There is also a belief that, on this particular night, that one can discover a criminal or a thief in their midst. A magical ritual takes place in the cemetery at midnight, using candles, holy water, a jar, and some silver coins, which are placed over an old grave. Legend has it that after the practitioner utters certain prayers, he can see the mysterious events and their main characters in the candlelight.
|Poenari Fortress (Photo by L.Kenzel)|
If you follow Vlad the Impaler’s footsteps, you would reach Poenari Fortress, hidden in the Carpathian Mountains, about 200 km (124 miles) from Bucharest. Not many people know about these old ruins that stand high on a cliff overlooking the Arges River, but it’s worth the visit. Legend has it that when the army of the Ottoman Empire attacked and captured this castle in 1462, Vlad the Impaler escaped via a secret passageway leading north through the mountains.
|Sighisoara, the birthplace of Vlad the Impaler|
In my opinion, you should begin your journey in the medieval town of Sighisoara, right in the heart of Transylvania, where Vlad Dracula was born in 1431. The home of his birth still stands there but now hosts an antique-style restaurant. It’s worth seeing. The building is unique and hosts some beautiful sixth-century frescoes. Tourists can have lunch or dinner here, tasting traditional Romanian dishes and the local booze, palinca. Sighisoara is a popular spot for tourists searching for Halloween fun, because local amateur actors reenact a witch trial.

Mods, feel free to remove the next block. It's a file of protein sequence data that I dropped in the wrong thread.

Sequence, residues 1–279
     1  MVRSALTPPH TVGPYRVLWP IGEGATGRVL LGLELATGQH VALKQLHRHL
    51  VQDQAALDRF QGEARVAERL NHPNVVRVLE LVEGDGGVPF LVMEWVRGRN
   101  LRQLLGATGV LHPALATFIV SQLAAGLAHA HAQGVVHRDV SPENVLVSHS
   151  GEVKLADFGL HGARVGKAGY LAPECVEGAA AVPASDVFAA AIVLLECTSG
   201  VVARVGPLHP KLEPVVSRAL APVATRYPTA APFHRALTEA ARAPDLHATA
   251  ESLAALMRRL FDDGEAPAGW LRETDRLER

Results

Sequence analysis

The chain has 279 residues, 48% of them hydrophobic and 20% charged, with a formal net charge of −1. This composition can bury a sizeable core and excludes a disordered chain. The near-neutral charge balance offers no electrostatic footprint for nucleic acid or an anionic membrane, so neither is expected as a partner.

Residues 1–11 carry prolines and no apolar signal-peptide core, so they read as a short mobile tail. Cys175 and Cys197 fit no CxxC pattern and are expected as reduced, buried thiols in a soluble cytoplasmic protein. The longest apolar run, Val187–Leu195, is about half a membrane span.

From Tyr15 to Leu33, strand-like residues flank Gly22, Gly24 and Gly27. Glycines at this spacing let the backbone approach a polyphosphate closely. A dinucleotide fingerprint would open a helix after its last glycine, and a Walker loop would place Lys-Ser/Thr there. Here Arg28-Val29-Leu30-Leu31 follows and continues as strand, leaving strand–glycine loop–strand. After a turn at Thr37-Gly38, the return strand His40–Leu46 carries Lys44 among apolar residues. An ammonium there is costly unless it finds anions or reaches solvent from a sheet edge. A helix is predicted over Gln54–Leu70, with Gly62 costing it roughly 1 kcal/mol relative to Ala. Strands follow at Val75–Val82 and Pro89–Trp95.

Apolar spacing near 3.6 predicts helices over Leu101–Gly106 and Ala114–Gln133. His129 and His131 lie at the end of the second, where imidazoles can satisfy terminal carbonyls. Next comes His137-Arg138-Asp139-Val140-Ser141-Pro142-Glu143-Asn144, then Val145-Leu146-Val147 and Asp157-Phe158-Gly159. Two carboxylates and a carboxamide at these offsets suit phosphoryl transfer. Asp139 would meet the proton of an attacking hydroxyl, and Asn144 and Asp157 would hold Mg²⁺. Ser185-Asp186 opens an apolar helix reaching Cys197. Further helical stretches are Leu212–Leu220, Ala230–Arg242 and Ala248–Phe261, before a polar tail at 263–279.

|The Bistrita region as seen from Borgo Pass|
If you’re interested in Dracula, the character, you should keep the best for the last part of your tour: Bistrita and the Borgo Pass. Bram Stoker mentioned both places in his novel, but they have no direct connection to Vlad the Impaler. Bistrita was the first stop of Stoker’s protagonist, young Jonathan Harker, in Transylvania. Harker is an English solicitor, traveling to Transylvania to provide legal support to Dracula for a real estate transaction. He spends a night at the Golden Krone Hotel, and even though the place didn’t exist at the time Stoker wrote his novel, a hotel with the same name cropped up later for tourists visiting the town. Don’t expect much because Bistrita has a rural landscape and few medieval attractions to visit. It can be a good stop-over, though, on your way to the Borgo Pass (Tihuta Pass), which became famous worldwide after Dracula was first published in 1897.
|Borgo Pass, also known as Tihuta Pass |
(Photo by Vberger)
The pass is 3,840 feet high and gives visitors a breathtaking view of the region. Many people say they find the most beautiful landscapes of the Carpathians here: on one side, valleys with green meadows, and on the other, dense pine forests. Even for those who aren’t passionate about the Dracula story, Tihuta Pass can be a delight. The villages around are an opportunity to discover local traditions, customs, and folklore.